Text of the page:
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starship-design: Kevin's reply about Tim's summary
>Nice job Tim. here are some solution ideas for your problems list.
Thanks, it should appeal to you most, since you've a beamed ship design.
>#9 redshift causes the momentum to decrease:
>#15 doppler shift changes reflectivity:
>Sweeping the beam into higher frequencies, and then back down, as the
>mission prgresses; would allow the ship to receive it energy at a near
>constant frequency. Any slight deviations should be within tolerance.
True, I guess we figured that out before, but I will add it to the summary.
The only trouble I see with this is that the beaming station needs tunable
masers/lasers. I know this is possible, but doesn't make the design easier.
Of course, increasing the frequency will still result in decrease of
momentum, only the people on the starship won't notice.
>Using different wavelengths of EM for engine, comm.
>for example, if you are using Maser for power, then you should use a
>laser to communicate. The laser guide beaming messages back to earth
>could be made of plastic or glass which would be totally immune to
Yes, that's true, I wonder why I didn't think of that a long time ago.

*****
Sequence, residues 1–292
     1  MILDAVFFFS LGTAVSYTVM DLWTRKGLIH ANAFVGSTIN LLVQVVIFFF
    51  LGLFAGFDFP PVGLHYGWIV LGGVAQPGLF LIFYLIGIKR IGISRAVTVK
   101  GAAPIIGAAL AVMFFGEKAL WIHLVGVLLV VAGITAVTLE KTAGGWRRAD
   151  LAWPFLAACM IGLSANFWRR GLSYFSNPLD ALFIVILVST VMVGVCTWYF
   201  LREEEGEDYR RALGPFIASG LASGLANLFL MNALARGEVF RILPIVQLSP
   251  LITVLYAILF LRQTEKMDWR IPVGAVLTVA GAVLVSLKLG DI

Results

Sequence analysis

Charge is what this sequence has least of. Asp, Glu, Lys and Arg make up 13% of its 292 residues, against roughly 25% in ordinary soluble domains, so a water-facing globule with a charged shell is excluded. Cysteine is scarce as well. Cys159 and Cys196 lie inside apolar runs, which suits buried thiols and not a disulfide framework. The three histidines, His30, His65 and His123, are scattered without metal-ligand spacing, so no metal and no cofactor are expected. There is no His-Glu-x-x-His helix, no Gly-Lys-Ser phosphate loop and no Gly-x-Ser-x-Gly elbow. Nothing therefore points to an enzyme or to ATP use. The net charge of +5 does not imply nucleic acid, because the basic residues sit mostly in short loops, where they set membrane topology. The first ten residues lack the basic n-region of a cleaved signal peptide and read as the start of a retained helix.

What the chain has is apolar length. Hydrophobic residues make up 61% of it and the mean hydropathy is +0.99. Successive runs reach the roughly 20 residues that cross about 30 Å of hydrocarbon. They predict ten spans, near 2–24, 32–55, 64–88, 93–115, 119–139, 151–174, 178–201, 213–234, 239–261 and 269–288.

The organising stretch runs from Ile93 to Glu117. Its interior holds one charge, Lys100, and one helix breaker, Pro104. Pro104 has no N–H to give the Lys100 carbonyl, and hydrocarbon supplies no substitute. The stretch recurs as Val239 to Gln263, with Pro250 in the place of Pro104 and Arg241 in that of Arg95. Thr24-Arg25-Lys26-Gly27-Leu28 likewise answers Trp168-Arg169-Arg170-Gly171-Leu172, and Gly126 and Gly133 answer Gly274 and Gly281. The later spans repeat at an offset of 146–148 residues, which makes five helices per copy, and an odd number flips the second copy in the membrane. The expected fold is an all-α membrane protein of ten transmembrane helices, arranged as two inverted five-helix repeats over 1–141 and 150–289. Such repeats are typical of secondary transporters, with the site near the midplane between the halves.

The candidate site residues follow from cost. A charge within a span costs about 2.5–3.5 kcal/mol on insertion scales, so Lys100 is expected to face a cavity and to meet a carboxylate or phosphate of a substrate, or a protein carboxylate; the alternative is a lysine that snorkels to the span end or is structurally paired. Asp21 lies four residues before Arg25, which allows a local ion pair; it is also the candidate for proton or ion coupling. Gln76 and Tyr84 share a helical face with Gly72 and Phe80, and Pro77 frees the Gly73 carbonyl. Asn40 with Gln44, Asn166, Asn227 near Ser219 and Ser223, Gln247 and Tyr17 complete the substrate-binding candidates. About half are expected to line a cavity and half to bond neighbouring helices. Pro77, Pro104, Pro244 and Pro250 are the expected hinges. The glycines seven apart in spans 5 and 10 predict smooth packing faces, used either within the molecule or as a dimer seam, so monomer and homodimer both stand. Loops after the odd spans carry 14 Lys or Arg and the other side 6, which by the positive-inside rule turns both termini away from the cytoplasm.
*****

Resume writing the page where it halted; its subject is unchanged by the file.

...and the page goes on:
>#16 acceleration means limited beaming time.
>As we say in the Computer Biz, "That's not a bug, that's a feature."
That indeed is a way of looking at it.
>18 could be solved by moving several large asteroids (or lots of smaller
>ones) into a proper orbit around the sun. (one that is normal to the
>line connecting the two suns.)
>since we'll have to build this thing out in space, I'll bet we have a
>lot of slag/waste that could be used to 'anchor' the transmitter in
>place. a conventional rocket or ion engine would be much better for
>conteracting the beams thrust.
Yes, I'll add using a mass momentum engine.
>---------start new idea -------------------
>Each transmitter could be a stationary fusion rocket with the beam
>pointed in one direction, and the fusion exhaust (at very low speed)
>pointed in the other. Since the whole thing is stationary, it could be
>refueled periodicly by robot tenders. The fusion motor could tap most
>of the kinetic/thermal energy of the fusion products to provide
>electricity to power the transmitter, with a little left over kinetic
>energy and a fair amount of mass to provide a counter balancing force.
>---------end new idea -------comments?-----
The idea is nice, although supplying millions of fusion reactors may not be
something you'd like to do. We'll use a total of say 1E18 Watt, that's
roughly 5000 kg of fusion fuel per second. Or about 4 times the weight of
the ship per day.
(Eh, I'm assuming that we use the beam for a 1E8 kg ship, not for a probe)
I'd like the simplicity of solarcells better, even though they will be much
more plenty. In general they will be easier to build and need less care.